Now Parakilas is waging a global battle against Facebook, a company currently worth $557 billion (£417 billion), to ensure the firm can't jeopardise future elections and put people's personal data at risk.
Parakilas has played a major role in US congressional hearings about the scandal, has testified to British politicians, and is about to fly to Brussels to explain the scandal in more technical detail to European lawmakers.
"I've heard from some people inside Facebook, they appreciate what I'm doing," Parakilas told Business Insider in a phone interview. "I’m pretty sure Mark [Zuckerberg] and Sheryl [Sandberg] do not appreciate what I’m doing. I have no intention of stopping until the company is doing all it needs to do to protect our elections."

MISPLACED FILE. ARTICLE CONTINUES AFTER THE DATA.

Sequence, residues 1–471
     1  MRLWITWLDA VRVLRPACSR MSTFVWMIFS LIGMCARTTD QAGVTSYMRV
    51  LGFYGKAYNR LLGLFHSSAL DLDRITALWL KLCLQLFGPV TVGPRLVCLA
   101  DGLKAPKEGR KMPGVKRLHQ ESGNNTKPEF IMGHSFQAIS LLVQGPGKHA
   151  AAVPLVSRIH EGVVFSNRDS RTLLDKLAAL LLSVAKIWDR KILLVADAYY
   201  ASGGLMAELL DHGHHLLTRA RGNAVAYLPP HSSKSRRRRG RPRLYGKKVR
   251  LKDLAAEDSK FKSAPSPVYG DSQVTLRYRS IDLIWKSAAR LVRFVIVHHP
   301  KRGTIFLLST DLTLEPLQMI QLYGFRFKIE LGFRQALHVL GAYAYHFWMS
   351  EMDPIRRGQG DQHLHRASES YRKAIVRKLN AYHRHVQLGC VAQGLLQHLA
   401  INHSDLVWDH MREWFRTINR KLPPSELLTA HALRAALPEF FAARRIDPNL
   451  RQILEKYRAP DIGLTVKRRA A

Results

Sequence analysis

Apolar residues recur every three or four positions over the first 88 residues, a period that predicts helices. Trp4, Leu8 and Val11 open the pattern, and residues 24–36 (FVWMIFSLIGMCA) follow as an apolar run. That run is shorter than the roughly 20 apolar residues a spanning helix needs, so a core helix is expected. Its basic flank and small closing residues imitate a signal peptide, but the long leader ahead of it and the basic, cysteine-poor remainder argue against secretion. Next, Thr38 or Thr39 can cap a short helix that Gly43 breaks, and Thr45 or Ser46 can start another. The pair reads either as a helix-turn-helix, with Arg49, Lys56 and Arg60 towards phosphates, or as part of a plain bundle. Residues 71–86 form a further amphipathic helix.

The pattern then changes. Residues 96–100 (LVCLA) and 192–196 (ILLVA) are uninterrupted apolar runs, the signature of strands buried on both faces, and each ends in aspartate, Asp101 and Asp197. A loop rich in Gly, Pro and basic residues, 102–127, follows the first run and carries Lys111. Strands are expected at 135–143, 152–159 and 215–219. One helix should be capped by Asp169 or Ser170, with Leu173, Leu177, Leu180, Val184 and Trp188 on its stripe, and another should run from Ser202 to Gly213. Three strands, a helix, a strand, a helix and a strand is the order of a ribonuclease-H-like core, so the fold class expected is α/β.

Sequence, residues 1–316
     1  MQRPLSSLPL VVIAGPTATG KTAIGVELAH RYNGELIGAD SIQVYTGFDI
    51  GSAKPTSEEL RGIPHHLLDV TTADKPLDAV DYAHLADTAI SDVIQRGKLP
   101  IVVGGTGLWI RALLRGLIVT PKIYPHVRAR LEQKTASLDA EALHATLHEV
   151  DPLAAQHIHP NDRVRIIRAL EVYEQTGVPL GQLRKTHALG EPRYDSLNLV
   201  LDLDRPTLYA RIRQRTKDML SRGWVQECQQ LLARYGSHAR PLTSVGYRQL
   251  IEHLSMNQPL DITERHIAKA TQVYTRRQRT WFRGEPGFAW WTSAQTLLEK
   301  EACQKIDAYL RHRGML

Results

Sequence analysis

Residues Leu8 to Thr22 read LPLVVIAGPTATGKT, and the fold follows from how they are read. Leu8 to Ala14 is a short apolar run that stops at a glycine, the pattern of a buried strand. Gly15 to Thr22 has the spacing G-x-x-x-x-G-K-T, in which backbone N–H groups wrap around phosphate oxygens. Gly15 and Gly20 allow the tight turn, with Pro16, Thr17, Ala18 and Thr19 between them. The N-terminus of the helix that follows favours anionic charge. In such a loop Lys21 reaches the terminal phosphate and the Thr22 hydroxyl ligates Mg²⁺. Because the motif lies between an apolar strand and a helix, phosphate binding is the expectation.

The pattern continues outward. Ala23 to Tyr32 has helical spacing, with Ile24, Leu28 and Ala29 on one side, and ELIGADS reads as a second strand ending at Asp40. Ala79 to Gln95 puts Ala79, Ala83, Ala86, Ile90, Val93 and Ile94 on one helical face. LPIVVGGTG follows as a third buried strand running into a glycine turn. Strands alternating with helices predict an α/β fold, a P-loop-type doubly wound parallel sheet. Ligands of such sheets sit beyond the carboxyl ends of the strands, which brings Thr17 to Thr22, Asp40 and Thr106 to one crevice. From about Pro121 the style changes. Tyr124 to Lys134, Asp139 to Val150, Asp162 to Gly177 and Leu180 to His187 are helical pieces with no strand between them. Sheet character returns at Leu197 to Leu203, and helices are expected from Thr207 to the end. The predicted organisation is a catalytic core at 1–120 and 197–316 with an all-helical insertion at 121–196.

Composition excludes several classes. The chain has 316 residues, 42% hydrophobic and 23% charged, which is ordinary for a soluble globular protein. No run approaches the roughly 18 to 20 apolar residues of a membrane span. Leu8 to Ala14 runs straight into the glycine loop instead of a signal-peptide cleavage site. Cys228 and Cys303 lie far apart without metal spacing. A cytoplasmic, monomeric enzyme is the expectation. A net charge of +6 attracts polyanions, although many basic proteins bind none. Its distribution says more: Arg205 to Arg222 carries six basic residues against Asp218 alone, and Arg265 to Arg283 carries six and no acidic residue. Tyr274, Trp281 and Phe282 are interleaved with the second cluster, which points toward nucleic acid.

Facebook's ability to influence how people vote is a major worry in Europe, lawmakers told Business Insider earlier this month.
One politician, Molly Scott Cato, said of Zuckerberg: "He's totally out of his depth — he talks about setting Facebook up in college with this homey story and I'm, like, 'Christ, this guy has the fate of European democracy in his hands and he doesn't know what to do.'"
Parakilas added that he's not exactly delighting in bringing Facebook down a notch.
"No one’s pleased," he said. "This is a disaster. I am personally aghast, and it would have been better if they had fixed this issue six years ago, but they didn’t."
Parakilas is convinced there's more misuse of Facebook data